Original Research

Assessing the economics of animal trypanosomosis in Africa - history and current perspectives : vector-borne diseases : trypanosomosis

A.P.M. Shaw
Onderstepoort Journal of Veterinary Research | Vol 76, No 1 | a57 | DOI: https://doi.org/10.4102/ojvr.v76i1.57 | © 2009 A.P.M. Shaw | This work is licensed under CC Attribution-NoDerivatives 4.0
Submitted: 10 September 2009 | Published: 10 September 2009

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Abstract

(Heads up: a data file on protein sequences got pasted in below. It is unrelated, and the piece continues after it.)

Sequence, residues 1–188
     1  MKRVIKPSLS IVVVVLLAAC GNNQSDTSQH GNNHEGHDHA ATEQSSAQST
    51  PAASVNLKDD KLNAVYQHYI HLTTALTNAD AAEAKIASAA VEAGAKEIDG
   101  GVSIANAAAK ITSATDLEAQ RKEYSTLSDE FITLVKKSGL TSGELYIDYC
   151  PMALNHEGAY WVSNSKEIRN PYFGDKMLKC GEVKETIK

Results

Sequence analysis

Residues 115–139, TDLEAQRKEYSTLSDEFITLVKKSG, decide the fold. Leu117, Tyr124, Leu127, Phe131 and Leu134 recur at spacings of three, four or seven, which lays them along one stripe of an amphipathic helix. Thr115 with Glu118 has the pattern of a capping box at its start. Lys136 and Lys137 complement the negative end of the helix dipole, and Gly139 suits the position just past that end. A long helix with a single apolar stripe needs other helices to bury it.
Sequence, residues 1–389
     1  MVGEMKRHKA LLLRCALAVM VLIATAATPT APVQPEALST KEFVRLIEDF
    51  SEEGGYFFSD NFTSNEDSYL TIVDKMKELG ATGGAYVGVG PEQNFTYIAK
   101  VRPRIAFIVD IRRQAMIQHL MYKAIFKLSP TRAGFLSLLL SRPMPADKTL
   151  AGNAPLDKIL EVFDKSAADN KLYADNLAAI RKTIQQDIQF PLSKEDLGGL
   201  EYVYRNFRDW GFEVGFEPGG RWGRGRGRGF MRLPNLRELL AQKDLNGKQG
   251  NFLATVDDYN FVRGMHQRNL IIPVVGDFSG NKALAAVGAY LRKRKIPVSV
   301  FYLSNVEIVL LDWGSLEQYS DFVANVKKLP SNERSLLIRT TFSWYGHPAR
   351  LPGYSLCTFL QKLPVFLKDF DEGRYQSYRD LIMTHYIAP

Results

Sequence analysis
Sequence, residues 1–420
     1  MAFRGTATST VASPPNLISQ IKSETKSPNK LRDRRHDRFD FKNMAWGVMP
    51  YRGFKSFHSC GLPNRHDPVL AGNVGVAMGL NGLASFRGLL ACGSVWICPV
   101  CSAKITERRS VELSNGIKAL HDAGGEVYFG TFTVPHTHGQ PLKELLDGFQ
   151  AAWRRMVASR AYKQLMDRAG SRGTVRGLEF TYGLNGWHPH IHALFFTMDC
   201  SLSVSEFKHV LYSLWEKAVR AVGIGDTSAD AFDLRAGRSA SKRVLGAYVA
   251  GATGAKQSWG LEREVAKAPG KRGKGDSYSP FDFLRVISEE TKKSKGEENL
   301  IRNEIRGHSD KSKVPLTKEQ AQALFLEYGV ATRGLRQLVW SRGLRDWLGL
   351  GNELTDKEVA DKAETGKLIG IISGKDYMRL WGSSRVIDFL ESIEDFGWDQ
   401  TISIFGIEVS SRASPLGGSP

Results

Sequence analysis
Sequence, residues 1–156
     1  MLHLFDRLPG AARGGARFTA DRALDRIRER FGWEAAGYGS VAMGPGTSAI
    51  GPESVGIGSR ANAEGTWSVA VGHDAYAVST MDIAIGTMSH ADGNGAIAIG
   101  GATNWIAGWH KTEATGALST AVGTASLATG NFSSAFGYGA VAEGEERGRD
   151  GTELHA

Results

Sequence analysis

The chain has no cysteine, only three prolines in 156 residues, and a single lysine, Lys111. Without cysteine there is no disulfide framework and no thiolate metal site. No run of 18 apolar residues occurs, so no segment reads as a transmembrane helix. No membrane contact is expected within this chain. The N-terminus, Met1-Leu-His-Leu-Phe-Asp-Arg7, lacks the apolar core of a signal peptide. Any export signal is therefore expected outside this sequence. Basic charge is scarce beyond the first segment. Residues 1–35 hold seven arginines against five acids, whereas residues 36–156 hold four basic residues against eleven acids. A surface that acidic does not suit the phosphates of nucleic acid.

Finding appropriate ways of dealing with the problem of tsetse and trypanosomosis will be an important component of efforts to alleviate poverty in Africa. This article reviews the history of economic analyses of the problem, starting with the use of cost to guide choice of technique for tsetse control in the 1950s, followed by work in the 1970s and 1980s linking these to the impact of the disease on livestock productivity, and in the 1990s to its wider impact. In the current situation, with limited resources and a range of techniques for controlling or eliminating tsetse, the cost implications of choosing one technique or another are important and a recent study reviewed these costs. A novel approach to assessing the potential benefits from removing trypanosomosis by creating 'money maps' showed that high losses from animal trypanosomosis currently occur in areas with high cattle population densities on the margins of the tsetse distribution and where animal traction is an important component of farming systems. Given the importance of the decisions to be made in the next decade, when prioritising and choosing techniques for dealing with tsetse and trypanosomosis, more work needs to be done underpinning such mapping exercises and estimating the true cost and likely impact of planned interventions.

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